case sensitive filenames


T

Tom Anderson

Tom said:
Also, it appears that getCanonicalPath deals with varying case-sensitivity
across the directory tree correctly - i'm on a Mac, which has a
case-insensitive HFS+ filesystem [1], and have a linux box mounted over
sftp, which has a case-sensitive filesystem of some sort. If i have a
foo.txt on both, getCanonicalPath correctly maps foo.TXT to foo.txt on the
Mac filesystem, and keeps it as foo.TXT on the linux.

It doesn't on Linux with VFAT filesystems. They remain resolutely case-sensitive
as far as File is concerned:

File.getCanonicalPath("/some/vfatpath/foo.txt") returns /some/vfatpath/foo.txt
File.getCanonicalPath("/some/vfatpath/FOO.txt") returns /some/vfatpath/FOO.txt

Interesting. But that's clearly a bug with linux, not java! :)

tom

--
But in natural sciences whose conclusions are true and necessary and
have nothing to do with human will, one must take care not to place
oneself in the defence of error; for here a thousand Demostheneses and
a thousand Aristotles would be left in the lurch by every mediocre wit
who happened to hit upon the truth for himself. -- Galileo
 
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T

Tom Anderson

The fact that he's interested in getting the answer demonstrates
that he's not dealing exclusively with Windows ...

I thought he was interested in dealing with variable case, which is very
much a Windows (well, and Mac) problem.
When do you suppose we'll get a font-sensitive file system? Wouldn't
it be nice if the editor saved the old version of Foo.java not as
Foo.java~ but as <i>Foo.java</i>?

Hmm. Can you do some of this (in DOS, at least) with ANSI escapes?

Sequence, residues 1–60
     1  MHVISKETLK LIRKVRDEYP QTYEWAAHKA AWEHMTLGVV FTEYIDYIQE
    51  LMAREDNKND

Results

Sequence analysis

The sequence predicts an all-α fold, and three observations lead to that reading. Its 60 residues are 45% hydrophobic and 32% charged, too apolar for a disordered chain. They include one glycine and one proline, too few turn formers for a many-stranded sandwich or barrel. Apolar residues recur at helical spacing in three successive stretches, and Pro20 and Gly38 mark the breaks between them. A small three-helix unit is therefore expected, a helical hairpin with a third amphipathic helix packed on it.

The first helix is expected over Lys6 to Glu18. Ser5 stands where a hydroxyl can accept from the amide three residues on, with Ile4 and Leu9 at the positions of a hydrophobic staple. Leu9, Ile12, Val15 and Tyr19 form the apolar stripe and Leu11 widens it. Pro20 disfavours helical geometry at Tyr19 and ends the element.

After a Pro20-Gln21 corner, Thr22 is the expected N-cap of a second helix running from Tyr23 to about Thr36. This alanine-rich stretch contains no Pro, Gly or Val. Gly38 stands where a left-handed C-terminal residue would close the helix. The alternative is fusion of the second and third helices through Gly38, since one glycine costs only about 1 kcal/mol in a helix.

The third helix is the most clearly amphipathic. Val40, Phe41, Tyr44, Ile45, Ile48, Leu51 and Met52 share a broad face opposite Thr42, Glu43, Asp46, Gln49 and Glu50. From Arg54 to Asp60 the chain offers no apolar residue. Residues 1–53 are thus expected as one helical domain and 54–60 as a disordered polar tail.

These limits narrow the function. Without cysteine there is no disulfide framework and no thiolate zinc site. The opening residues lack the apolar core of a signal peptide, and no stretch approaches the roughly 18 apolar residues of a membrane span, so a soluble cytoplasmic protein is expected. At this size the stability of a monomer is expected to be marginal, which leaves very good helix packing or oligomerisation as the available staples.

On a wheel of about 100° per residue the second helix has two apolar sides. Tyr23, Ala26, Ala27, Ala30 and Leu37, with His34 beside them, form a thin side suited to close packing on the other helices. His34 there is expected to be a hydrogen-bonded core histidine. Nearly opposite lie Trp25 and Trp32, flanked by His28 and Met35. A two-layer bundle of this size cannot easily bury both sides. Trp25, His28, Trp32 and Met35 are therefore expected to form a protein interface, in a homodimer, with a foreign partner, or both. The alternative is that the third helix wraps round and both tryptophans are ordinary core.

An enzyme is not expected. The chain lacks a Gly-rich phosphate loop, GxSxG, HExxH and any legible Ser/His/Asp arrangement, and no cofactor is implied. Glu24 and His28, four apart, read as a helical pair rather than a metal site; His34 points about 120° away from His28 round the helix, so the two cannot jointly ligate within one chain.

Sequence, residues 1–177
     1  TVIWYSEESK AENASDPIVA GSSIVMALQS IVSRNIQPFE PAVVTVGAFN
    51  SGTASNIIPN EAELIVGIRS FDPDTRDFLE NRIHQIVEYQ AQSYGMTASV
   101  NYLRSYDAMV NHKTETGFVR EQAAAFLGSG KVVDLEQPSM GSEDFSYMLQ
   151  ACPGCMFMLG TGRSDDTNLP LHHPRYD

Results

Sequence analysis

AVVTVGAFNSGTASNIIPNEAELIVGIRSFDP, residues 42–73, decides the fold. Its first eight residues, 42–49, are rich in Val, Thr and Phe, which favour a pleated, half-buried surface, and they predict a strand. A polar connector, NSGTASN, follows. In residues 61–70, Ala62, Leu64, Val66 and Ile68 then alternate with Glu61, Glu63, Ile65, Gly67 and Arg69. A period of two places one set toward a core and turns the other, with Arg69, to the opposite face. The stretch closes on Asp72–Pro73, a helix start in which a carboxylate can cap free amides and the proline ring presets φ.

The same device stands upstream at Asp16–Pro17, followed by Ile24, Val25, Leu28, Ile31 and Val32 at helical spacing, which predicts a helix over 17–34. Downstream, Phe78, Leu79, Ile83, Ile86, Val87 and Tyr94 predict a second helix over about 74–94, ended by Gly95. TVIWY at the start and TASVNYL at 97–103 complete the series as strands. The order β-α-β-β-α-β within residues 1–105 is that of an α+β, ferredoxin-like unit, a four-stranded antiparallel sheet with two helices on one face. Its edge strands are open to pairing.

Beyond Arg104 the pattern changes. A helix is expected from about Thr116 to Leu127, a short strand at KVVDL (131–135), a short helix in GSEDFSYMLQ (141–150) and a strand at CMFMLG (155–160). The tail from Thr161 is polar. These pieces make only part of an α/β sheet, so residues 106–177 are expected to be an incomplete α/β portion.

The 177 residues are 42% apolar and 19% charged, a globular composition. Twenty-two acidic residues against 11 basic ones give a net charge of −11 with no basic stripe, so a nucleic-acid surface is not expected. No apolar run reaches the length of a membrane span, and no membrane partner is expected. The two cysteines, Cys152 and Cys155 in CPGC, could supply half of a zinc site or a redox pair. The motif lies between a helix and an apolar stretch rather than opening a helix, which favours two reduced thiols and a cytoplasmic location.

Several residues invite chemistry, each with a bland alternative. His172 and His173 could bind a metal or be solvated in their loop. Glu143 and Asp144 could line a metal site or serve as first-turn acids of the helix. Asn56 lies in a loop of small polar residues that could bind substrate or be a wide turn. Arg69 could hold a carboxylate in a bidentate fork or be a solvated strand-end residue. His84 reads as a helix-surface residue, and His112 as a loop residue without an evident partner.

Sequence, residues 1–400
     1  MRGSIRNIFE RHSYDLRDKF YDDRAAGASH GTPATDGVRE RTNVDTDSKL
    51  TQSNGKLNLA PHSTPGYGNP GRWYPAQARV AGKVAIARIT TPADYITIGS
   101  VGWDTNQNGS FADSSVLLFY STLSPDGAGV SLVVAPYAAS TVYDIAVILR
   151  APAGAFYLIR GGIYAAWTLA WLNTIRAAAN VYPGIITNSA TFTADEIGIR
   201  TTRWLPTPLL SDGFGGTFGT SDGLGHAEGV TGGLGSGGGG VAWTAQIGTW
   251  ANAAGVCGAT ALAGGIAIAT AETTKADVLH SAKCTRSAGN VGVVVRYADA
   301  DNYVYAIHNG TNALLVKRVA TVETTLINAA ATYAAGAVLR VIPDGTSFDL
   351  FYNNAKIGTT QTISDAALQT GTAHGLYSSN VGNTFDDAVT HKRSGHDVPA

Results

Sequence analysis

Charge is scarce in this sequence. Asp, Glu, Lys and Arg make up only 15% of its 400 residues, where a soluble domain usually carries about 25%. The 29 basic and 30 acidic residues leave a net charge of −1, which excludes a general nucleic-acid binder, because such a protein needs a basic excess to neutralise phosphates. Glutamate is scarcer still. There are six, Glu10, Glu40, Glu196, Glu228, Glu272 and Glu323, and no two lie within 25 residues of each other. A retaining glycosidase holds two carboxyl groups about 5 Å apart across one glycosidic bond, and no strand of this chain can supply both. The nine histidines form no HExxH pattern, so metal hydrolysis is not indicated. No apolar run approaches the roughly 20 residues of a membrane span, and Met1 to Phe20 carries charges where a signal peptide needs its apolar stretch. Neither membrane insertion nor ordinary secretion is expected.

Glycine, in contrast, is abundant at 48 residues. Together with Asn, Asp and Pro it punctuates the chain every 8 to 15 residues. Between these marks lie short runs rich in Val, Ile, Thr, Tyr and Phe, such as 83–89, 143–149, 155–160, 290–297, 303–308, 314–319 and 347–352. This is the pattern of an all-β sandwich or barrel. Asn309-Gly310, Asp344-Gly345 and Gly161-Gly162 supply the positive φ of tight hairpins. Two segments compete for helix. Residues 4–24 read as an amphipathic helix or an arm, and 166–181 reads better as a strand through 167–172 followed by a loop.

tom

--
But in natural sciences whose conclusions are true and necessary and
have nothing to do with human will, one must take care not to place
oneself in the defence of error; for here a thousand Demostheneses and
a thousand Aristotles would be left in the lurch by every mediocre wit
who happened to hit upon the truth for himself. -- Galileo
 
M

Martin Gregorie

Tom said:
Also, it appears that getCanonicalPath deals with varying
case-sensitivity across the directory tree correctly - i'm on a Mac,
which has a case-insensitive HFS+ filesystem [1], and have a linux box
mounted over sftp, which has a case-sensitive filesystem of some sort.
If i have a foo.txt on both, getCanonicalPath correctly maps foo.TXT
to foo.txt on the Mac filesystem, and keeps it as foo.TXT on the
linux.

It doesn't on Linux with VFAT filesystems. They remain resolutely
case-sensitive as far as File is concerned:

File.getCanonicalPath("/some/vfatpath/foo.txt") returns
/some/vfatpath/foo.txt File.getCanonicalPath("/some/vfatpath/FOO.txt")
returns /some/vfatpath/FOO.txt

Interesting. But that's clearly a bug with linux, not java! :)
If its a bug. The Linux tin says its case sensitive. It matches the
description by being consistently case sensitive over its native filing
systems plus at least vfat.

For me the only annoyance with this approach is that the tendency of some
Windows applications to use uppercase extensions upsets programs that use
the MIME mechanism to determine file type from the extension. Nautilus is
an example of this behavior. Other programs, such as the GIMP image
handler, determine file type from content rather than extension, and so
aren't phased by this.

Its rational, at least to me, that Java should be case sensitive on a
Linux platform.

If there's confusion anywhere, its on Windows where generally the
extension:application mapping is case insensitive but the Java compiler,
for one, breaks this convention by insisting that class and file names
match case.
 
T

Tom Anderson

Tom said:
Also, it appears that getCanonicalPath deals with varying case-sensitivity
across the directory tree correctly - i'm on a Mac, which has a
case-insensitive HFS+ filesystem [1], and have a linux box mounted over
sftp, which has a case-sensitive filesystem of some sort. If i have a
foo.txt on both, getCanonicalPath correctly maps foo.TXT to foo.txt on the
Mac filesystem, and keeps it as foo.TXT on the linux.

It doesn't on Linux with VFAT filesystems. They remain resolutely
case-sensitive
as far as File is concerned:

File.getCanonicalPath("/some/vfatpath/foo.txt") returns
/some/vfatpath/foo.txt
File.getCanonicalPath("/some/vfatpath/FOO.txt") returns
/some/vfatpath/FOO.txt

Interesting. But that's clearly a bug with linux, not java! :)